Latest auction data suggests sales are being achieved on one in three properties taken to auction with around two thirds selling for more than their rating valuation

Auction activity continued at a steady gait in the week ending November 23, according to auction activity monitored by

We monitored 310 auctions around the country over the seven days from 17-23 November, which was little changed from the 301 we monitored over the previous seven days.

The agencies we monitored and our methodology did not change during that time.

While there was a very slight, slight change in the number of properties taken to auction in each of the two weeks, the sales rate was unchanged.

In both weeks, the overall proportion of sales achieved was exactly the same at 35%.

That suggests a very steady auction market, although there was some movement in the proportion of properties that sold for more, or less than their rating valuation.

The proportion of sales where the price was above the property's rating valuation dropped from 74% in the week from 11-16 November to 63% in the week of 17-23 November.

However auction results provide only a partial view of the overall property market and the results from week to week can be affected by many factors, including changes in the mix of properties being offered.

We will have a better idea about how the market is tracking next week when we will have auction data for the full month of November and the major real estate agencies start reporting their full sales results for the month.

But the early data suggests the market is maintaining a steady momentum rather than a galloping pace.

Individual auction results are available on our Residential Auction Results page.

Investors interested in commercial property can find details of commercial sales on our Commercial Property Sales page.

We welcome your help to improve our coverage of this issue. Any examples or experiences to relate? Any links to other news, data or research to shed more light on this? Any insight or views on what might happen next or what should happen next? Any errors to correct?

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35 Torrence St, Epsom is quite interesting. Sold for 1.317M last week yet last sold in 2015 for 1.330M. Leafy suburb, brick and tile. Looks quite nice:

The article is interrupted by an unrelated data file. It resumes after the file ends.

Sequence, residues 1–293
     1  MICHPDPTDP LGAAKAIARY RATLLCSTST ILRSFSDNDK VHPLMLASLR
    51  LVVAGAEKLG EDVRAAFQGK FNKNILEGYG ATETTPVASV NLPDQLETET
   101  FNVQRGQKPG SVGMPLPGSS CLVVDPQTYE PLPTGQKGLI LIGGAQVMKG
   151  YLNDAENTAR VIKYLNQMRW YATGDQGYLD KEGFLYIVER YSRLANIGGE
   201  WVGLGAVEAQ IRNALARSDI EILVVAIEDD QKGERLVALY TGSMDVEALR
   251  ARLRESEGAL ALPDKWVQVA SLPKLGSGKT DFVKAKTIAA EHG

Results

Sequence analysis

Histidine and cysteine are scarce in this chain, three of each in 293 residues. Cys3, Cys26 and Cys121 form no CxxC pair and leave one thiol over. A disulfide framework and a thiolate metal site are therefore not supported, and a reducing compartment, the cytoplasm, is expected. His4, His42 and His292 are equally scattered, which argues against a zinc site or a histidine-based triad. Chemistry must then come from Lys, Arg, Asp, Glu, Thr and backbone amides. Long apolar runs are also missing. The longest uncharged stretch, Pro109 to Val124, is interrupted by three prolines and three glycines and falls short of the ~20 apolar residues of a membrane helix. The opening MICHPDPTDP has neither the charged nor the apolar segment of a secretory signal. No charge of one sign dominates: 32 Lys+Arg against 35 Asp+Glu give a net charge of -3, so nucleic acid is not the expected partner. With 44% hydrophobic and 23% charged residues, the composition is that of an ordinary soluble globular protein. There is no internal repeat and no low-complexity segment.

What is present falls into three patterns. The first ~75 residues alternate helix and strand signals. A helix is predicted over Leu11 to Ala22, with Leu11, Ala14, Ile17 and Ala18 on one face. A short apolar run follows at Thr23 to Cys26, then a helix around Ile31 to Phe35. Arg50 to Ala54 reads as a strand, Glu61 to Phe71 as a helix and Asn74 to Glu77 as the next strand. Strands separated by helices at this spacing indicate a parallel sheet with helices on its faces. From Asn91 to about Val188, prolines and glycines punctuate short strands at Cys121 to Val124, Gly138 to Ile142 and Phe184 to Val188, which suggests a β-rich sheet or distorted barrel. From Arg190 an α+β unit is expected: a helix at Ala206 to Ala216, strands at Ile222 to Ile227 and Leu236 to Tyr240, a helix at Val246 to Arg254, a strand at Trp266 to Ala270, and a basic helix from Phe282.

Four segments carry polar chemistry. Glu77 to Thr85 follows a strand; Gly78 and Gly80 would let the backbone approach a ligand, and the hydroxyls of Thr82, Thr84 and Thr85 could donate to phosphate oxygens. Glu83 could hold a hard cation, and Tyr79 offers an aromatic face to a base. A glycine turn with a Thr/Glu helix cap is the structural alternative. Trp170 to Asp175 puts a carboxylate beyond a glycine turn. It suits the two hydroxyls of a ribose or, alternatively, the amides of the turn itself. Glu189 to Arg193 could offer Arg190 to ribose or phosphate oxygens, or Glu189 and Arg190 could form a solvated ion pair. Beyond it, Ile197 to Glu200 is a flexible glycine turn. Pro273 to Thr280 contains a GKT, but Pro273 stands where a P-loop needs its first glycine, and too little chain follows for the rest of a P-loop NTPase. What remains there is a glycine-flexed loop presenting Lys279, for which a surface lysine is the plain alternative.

Noticed a few selling over RV, but for less than the previous sale...., growing number of speculators realising they overpaid

It certainly looks that way. For the example above an earlier owner paid 748k in 2012. Selling now for over 1.3M is a gain of $1,600 a week which is very high. That vendor in 2015 made a staggering $3,400 a week!

Last week's seller is fortunate to lose so little. They should perhaps have done some research in 2015 and quickly worked out that such a gain was not really reasonable nor typical for properties in this price bracket. Ignore the ZS principle at your peril!

They may have made a lot on a previous sale themselves so this loss may not be as painful as it seems.

Barfoot's 22/11 Auction 52 Marua Road Ellerslie repeats this trend.
Sold in April 2014 for $1.18m against a CV of 770k.
Sold in April 2017 for $1.9m against a CV of $ 1.725m
Sold in November 2018 for $1.190m against a CV of $1.725m

Seems pretty painful..

A 700k loss in 18 months should ring an alarm bell. It looks like the 2017 sale was for a 1012 m² property and the 2018 one for a 348 m². Subdivision so not a painful loss it would seem.

There looks to be a structure very close to the rear of the dwelling?

Curses - beaten by Zachary as I was having a closer look.

Slowly the price benchmark of properties been sold will drop and will have ripple effect.

If one property in an area goes for low price(for any reason) price in that adea will sfart falling. Same as what happened earlier during boom if one property went for high price - other properties in that area went for high as a result lifting the hkuse price.

Now will be opposite.

Give some time and prices will be atleast 20% to 30% below the high achieved earlier (Already down by 10% to 15%).

Speculators who bought at rediclues high price earlier will be hurt the most unless are able to hold for few years and wait for the next boom.

Trivial appreciation compared to 2015 market
Keep spruiking buddy

I think trivial appreciation should be a goal. I'd certainly be happy with trivial appreciation from here on and current FHBs would rather that than price declines I'm sure.

I'm wondering if the greed for big money was what caused the massive price rises. It could be a bit of a Chinese trait. I'm told #10 Chinese girls wont look twice at you unless you're worth at least 10M. Everyone chasing big money like house appreciation in excess of $1000 a week. Makes you long for the simpler days of the cultural revolution.


Wow, is all i can say..

We are stuck with 1/3rd sold..

More houses being built and less selling, clear direction where prices will head towards...

Sorry to break it to you PP2F, heading up imo. Income from employment as well as rents are both rising which improves affordability and yields. There may be less selling at or via auction but more houses are selling in general


Hahaha good response

A third sold and not much more than half of those selling over RV, yet the article is upbeat. Why bother trying to sell at auction at this point? Not much different in terms of auction sales rates in Sydney and prices are plunging at record pace.

Cos the agency has the opportunity for force a sale. Aka get paid.

Greg concludes his offering today with, "...... the market is maintaining a steady momentum rather than a galloping pace."

And that's pretty much the case.

2017 and 2018 have been years of consolidation after the frenzied activity through 2014-16.

2019 may prove much the same though there are now reasons to believe the next few months may show increased buoyancy - with a modest lift in prices.